"We might as well require a man to wear still the coat which fitted him
when a boy as civilized society to remain ever under the regimen of their
I have taught and consulted in some of the most successful organizations
in the world. They have one thing in common. They are absolutely miserable
places to try to be a project manager.
These organizations hold their project managers responsible for their
projects' success or failure then they systematically withhold the means
for the project manager's success. They demand provably unreasonable deadlines,
deadlines which are not met. Success hangs from a thread spun by a wily
story teller, not the mutual satisfaction of good work well done. They
ask for the truth, then discount or dismiss the bearer who dares to cross
the party line. They bait and they switch.
They let the project manager propose their own schedule then change
their minds about what the project should deliver, then they hold the project
manager's feet to the fire for not delivering on the original commitment.
They want fixed prices and variable specifications. They expect the impossible
and more often than is good for anyone involved get close enough to it
that they believe they can summon the power of the Gods to their petty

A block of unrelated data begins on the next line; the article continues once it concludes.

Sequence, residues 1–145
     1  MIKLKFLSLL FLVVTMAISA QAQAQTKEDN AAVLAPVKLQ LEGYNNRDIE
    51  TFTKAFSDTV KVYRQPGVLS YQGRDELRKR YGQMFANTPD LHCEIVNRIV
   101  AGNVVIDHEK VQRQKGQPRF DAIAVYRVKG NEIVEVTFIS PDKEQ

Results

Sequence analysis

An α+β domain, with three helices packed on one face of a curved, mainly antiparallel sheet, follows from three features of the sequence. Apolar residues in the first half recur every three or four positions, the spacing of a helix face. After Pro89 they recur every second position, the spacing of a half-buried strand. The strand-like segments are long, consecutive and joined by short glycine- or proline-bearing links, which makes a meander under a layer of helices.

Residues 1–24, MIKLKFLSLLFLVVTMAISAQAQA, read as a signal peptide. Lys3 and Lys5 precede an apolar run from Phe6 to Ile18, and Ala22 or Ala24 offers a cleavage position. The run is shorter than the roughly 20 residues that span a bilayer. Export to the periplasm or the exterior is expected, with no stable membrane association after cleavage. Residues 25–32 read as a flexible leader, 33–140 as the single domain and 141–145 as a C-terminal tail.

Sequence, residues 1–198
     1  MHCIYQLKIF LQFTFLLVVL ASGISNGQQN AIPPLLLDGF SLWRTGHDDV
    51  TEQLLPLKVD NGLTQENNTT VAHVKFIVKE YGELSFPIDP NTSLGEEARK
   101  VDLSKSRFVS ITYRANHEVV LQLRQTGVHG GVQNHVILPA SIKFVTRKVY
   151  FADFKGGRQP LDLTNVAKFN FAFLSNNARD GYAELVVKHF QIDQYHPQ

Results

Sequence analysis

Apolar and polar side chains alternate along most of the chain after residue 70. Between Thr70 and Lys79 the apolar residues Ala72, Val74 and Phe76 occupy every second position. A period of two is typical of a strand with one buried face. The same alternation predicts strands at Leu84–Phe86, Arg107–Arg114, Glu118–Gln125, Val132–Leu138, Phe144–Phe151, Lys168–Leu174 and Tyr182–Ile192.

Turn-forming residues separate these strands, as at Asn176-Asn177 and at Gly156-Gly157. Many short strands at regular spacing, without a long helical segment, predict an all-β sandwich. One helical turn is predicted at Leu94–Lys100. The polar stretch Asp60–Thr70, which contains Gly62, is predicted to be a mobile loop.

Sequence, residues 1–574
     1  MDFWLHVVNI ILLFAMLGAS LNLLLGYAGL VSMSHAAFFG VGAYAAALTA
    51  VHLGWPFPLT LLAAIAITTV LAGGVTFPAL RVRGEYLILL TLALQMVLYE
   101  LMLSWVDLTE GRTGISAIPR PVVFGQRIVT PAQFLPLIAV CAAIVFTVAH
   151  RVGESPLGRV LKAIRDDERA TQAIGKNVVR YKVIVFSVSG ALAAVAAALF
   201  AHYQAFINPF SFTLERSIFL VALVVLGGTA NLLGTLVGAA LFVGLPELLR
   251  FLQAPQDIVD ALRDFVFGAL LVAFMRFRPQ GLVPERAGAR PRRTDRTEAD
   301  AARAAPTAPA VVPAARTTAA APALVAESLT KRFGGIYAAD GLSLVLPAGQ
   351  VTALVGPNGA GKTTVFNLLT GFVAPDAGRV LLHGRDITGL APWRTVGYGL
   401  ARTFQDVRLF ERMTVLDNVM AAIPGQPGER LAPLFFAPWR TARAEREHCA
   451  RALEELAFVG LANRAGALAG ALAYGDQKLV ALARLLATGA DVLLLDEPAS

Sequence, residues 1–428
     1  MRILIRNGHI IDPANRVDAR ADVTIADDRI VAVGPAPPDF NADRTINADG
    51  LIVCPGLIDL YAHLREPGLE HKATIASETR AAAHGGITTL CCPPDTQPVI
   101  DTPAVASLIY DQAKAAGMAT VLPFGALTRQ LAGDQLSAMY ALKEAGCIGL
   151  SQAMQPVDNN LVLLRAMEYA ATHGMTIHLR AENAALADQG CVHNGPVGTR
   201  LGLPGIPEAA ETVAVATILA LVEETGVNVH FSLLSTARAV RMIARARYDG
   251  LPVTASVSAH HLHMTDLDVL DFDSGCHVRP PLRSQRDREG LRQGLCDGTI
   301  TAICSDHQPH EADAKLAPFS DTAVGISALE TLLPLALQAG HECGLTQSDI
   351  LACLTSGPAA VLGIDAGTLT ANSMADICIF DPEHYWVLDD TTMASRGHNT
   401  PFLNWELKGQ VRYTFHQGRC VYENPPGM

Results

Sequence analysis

I see in the horizon tonight the death of project management. It was
a different, a noble profession in its time, when industry was mechanizing
brutal physical labor. But that time left us long ago. Now the techniques
are misunderstood and misplaced, applied as ineffectively as if we expected
water to hammer rivets or rivets to hold a story together.
The regimen of our barbarous ancestors asks us to fit into the coat
we wore as children. It asks us to forget the lessons we've learned at
such terrible cost. It asks us to stay naive and to act dumb and to pretend
that we don't know better. It asks us to stay in our places and obey the
lunatic ravings of the vice president in charge of this merger, who is
terrified that someone will discover that he hasn't a clue what to do next
except to demand, and belittle, and blame. It asks us to sacrifice, to
work in an organization that terrifies us as much as it terrifies them
without ever mentioning how scared we are, without ever acknowledging how
little joy there is in coming to work each day.
And so we don't really plan. We go through the motions knowing that
we'll be more judged by our superficial adherence to process and procedure
than we'll ever be judged by results. Neither do we build community. We
are all about fed up with this operation and if we weren't in hock up to
our tan lines and lusting after that next bonus (which we are sure will
skyrocket us into freedom at last), we'd have left here the day after we
started working here. And we know it's not worth it. And we know we'd better
just keep our heads down and proceed as if it was.
Last week I taught a workshop in one of the most successful organizations
in the world. When I asked a roomful of project managers how terrifying